# [Xy-pic] Really weird behavior

Michael Barr barr at math.mcgill.ca
Wed Dec 11 01:06:58 CET 2013

Does your explanation also explain the output of this file?

\documentclass{article}
\pdfoutput1
\usepackage{color}
\usepackage{xy}

\begin{document}
{\xy
%\relax
{\color{red}Test}
\endxy}
Test

\end{document}

I would have thought that enclosing the entire thing in curly braces would
cause tex itself to confine all changes to the local group.

Michael

On Tue, 10 Dec 2013, Daniel Müllner wrote:

> Hi Michael,
>
> here is an even more minimalistic example that shows what's going on:
>
> \documentclass{article}
> \pdfoutput1
> \usepackage{color}
> \usepackage{xy}
>
> \begin{document}
> \xy
> %\relax
> {\color{red}Test}
> \endxy
> Test
> \end{document}
>
> With the \relax, Xy-pic treats the curly brackets as a <decor>ation
> (ibid., Figure 4). The curly brackets are passed through all levels of
> Xy-pic parsing; hence the \color{red} has local scope.
>
> Without the \relax, Xy-pic treats the curly brackets as a Xy-pic group
> and interprets the content like a nested Xy-pic environment (Xy-pic
> reference manual, Figure 1, line 22). The curly brackets are stripped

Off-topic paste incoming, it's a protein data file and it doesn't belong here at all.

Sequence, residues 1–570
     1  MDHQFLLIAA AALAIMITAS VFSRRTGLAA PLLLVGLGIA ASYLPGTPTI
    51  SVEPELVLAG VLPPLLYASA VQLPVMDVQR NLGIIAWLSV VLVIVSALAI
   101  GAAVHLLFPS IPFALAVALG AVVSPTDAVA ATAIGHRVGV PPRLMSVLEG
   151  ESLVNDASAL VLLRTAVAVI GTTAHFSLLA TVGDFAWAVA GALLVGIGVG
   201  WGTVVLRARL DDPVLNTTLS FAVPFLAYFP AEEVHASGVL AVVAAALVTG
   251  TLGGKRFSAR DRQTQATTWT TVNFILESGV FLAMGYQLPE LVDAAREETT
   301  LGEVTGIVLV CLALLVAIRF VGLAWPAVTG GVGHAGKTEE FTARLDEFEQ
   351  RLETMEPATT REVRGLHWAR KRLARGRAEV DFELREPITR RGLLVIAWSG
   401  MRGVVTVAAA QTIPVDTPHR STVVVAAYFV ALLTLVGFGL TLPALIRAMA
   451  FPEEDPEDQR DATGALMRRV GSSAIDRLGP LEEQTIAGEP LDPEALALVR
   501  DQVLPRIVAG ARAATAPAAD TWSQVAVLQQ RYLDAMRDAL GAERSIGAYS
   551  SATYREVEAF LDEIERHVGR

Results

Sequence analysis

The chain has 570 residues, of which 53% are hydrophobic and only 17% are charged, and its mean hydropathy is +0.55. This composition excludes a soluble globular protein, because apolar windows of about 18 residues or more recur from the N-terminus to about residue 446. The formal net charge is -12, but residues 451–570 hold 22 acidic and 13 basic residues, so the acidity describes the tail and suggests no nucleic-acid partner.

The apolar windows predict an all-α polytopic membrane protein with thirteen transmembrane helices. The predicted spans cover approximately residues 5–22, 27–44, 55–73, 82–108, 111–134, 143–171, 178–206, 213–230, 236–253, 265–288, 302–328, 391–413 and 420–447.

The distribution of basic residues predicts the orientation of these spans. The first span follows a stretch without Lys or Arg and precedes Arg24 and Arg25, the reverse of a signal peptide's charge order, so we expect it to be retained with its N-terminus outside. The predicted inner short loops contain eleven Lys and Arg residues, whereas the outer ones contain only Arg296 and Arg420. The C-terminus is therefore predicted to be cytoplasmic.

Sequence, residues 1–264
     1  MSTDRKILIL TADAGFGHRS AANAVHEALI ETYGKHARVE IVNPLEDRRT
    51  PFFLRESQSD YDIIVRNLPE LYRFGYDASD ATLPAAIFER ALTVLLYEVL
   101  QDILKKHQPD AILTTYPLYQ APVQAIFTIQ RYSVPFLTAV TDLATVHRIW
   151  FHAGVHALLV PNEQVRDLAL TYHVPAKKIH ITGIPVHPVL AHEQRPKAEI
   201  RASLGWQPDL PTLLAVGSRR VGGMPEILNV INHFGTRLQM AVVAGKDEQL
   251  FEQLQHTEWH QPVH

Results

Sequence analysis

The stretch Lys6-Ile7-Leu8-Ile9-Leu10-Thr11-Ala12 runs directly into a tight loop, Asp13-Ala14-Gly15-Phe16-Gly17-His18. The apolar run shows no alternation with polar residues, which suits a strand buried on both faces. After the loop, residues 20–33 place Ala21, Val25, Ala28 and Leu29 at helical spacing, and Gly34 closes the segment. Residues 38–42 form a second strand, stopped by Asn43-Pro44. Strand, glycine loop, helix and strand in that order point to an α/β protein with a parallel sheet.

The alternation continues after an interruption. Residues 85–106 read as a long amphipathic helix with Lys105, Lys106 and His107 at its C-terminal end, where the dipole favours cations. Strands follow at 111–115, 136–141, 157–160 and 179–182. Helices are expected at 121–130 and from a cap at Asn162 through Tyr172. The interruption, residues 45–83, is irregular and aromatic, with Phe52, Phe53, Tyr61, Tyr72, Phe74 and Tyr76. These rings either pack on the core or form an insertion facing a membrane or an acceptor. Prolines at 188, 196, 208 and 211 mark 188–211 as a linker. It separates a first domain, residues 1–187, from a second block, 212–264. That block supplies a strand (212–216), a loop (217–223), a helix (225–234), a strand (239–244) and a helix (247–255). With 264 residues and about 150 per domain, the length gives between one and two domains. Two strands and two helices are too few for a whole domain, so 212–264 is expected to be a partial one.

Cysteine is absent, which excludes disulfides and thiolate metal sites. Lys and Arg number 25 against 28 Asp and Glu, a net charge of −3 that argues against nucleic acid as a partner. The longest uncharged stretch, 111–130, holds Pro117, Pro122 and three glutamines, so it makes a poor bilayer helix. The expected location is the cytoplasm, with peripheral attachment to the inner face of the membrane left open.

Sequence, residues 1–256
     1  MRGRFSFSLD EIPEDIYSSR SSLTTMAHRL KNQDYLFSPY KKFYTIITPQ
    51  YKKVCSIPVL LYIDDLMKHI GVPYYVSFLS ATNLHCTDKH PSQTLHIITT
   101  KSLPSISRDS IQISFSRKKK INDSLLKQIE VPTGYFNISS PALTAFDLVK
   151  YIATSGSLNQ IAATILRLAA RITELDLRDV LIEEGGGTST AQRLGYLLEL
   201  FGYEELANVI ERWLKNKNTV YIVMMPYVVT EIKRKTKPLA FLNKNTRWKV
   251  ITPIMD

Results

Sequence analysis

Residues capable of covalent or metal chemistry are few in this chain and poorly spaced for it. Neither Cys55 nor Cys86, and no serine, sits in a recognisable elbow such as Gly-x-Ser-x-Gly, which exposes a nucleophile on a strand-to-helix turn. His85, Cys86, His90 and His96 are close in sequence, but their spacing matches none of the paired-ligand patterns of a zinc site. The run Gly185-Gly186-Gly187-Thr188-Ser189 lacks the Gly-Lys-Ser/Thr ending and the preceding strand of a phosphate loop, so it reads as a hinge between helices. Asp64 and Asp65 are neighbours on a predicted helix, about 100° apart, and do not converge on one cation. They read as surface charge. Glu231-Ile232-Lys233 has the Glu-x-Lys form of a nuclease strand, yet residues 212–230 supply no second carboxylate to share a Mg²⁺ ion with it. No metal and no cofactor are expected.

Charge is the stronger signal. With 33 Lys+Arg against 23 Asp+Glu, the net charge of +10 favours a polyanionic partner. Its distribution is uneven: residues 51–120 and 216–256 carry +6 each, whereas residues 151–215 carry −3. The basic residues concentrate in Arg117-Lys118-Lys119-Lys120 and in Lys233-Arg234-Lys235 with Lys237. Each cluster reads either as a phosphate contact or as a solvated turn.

> and are lost as a TeX group; therefore the \color{red} has global scope.
>
> Regards,
>
> Daniel
>
>
> On 12/10/2013 05:51 PM, Michael Barr wrote:
>> If you compile the following file:
>>
>> \documentclass{article}
>> \pdfoutput1
>> \usepackage{color}
>> \def\red{\color{red}}
>> \def\green{\color{green}}
>> \usepackage[arrow]{xy}
>>
>> \begin{document}
>> \newcount \xytest
>> $$\xy >> \xytest0 >> {\red\ar@{->}^{\green f}(20,0)} >> \endxy$$
>>  Test
>> \end{document}
>>
>> you find nothing special about the output.  In particular, the word Test
>> is black.  Now comment out the line \xytest0 and see what happens.  On
>> my computer the word Test is now red.  How can this totally irrelevant
>> assignment make a difference in the behavior?  And how can this color
>> assignment, which is inside a group, make a difference outside?
>>
>> This would appear to have something to do with something in xy-pic since
>> the simple test line: {\red Test} Test gives the expected result, the
>> first word in red and the second one black.
>>
>> Michael
>>
>
>

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